The next morning, Robert joins an ammunition convoy riding to the front with thirty-five mules and one hundred horses. They pass by the marshes where Robert nearly drowned the previous winter. At a fork in the road, Military Police are stationed on the lookout for deserters and spies, and Robert’s convoy takes the fork leading to Wytsbrouk. Within ten minutes, they reach another fork that leads to St. Eloi, and Robert feels “as if he had come home.”
Although Robert is forced to relive his trauma by passing through areas where he nearly died, he feels a sense of homecoming rather than dread. This emotion, combined with his restlessness during his time away from the war, suggests that he has lost all sense of his identity apart from being a soldier, and that the battlefield is now where he feels the most comfortable.
Robert looks up and realizes that there are no birds flying overhead. Suddenly, a bomb explodes, and he is thrown off his horse. Men and animals run in every direction as planes fill the air and bombs fall all around them. The attack dissipates into silence and the survivors gather: seven mules, fifteen horses, and twenty-three out of sixty men. Kneeling down to collect his kit bag, Robert notices Juliet’s candle wedged into the ground and set alight by the bombs. He blows it out, puts it in his pocket, and starts to help the other survivors “extricate themselves from the dead.”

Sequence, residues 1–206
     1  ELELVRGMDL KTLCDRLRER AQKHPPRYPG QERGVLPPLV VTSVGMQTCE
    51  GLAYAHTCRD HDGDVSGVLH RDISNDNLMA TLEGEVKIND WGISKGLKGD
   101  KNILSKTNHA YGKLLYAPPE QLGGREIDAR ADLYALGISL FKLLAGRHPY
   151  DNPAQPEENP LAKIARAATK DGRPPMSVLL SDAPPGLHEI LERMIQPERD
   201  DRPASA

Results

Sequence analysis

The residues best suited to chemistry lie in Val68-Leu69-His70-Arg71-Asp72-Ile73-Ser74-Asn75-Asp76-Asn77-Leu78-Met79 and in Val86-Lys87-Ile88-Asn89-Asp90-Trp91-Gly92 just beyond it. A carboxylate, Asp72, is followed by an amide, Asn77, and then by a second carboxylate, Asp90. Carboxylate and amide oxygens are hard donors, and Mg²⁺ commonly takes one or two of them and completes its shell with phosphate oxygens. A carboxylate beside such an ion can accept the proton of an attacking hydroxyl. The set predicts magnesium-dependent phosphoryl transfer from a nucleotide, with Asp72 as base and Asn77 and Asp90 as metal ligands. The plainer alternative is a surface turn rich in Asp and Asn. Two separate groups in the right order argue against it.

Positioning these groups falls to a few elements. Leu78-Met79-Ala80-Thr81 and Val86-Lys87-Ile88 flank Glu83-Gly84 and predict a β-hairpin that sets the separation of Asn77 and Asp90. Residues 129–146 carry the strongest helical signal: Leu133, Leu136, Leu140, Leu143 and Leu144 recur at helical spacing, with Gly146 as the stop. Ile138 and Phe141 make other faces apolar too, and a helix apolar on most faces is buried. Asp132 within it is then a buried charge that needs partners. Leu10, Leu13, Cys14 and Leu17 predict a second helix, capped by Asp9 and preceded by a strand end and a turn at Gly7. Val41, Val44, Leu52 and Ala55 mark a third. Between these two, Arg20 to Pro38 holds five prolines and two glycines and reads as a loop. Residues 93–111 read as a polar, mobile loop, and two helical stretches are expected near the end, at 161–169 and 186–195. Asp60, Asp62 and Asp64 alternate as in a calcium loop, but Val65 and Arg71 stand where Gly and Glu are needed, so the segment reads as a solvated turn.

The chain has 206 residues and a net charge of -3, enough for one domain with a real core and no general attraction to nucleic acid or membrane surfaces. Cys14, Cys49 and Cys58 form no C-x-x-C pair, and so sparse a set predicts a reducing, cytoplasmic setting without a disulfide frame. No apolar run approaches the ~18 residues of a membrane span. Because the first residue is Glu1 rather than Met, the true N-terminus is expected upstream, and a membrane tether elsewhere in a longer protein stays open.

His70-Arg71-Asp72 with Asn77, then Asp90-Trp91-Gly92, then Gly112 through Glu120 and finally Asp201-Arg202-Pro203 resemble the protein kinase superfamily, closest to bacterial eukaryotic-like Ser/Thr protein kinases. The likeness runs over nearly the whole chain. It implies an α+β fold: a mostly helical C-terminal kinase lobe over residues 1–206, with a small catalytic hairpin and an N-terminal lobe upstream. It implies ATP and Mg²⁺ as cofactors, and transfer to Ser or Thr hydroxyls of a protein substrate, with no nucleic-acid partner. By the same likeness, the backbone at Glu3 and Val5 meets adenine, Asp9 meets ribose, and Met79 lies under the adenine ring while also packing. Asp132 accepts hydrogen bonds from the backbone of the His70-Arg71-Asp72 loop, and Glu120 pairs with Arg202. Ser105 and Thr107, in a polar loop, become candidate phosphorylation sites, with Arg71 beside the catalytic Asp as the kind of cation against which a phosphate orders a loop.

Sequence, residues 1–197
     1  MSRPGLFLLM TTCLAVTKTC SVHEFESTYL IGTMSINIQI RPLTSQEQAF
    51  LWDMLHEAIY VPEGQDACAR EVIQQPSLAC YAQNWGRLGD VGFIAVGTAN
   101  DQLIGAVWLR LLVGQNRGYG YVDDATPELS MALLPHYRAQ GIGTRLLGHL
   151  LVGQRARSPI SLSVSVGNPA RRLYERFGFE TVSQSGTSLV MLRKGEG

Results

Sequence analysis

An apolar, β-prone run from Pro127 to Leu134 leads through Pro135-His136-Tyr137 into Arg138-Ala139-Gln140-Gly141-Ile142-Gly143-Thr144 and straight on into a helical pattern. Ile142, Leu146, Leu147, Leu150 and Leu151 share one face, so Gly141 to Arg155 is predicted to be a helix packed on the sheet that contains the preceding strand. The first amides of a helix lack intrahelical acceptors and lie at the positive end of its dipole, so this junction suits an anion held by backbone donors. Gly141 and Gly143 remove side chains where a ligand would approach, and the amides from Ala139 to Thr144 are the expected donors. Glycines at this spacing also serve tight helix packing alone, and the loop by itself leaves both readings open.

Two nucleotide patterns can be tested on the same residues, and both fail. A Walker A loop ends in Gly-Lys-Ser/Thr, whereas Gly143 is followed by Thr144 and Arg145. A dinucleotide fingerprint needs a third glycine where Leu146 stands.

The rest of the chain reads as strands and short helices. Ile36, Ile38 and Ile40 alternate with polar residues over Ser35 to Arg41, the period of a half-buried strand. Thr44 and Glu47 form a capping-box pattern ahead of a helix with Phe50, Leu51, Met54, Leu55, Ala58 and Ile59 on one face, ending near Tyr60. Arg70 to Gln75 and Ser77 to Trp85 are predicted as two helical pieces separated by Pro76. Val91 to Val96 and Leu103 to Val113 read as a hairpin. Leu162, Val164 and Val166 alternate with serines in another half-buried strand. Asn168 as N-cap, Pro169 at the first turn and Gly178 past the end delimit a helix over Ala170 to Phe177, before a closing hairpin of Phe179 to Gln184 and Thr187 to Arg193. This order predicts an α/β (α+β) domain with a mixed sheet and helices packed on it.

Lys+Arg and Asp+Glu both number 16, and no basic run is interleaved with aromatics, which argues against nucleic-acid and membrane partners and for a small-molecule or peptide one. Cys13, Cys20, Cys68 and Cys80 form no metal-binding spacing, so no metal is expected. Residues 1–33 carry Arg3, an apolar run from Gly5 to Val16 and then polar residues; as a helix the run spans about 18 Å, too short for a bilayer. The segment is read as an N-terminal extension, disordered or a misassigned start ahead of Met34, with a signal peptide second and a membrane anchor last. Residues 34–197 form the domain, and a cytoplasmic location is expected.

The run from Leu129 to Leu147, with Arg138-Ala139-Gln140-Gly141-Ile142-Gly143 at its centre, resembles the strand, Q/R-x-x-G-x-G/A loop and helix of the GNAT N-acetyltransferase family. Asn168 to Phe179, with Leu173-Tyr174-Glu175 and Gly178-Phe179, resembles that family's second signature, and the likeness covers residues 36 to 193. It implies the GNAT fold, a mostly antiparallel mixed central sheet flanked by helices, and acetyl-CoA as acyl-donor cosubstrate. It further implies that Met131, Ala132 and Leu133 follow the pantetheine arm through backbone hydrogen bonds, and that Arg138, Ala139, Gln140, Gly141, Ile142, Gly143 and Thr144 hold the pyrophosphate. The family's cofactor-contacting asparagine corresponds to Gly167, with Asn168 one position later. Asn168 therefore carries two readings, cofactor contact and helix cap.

This ambush, like several other attacks that Robert has experienced, demonstrates the unpredictability of life as a soldier. Despite this constant, uncertain threat of death, Robert’s reaction to the incident is measured and routine as he focuses on his duty to help survivors, suggesting that he has become somewhat desensitized to the stress and fear of his role as an officer.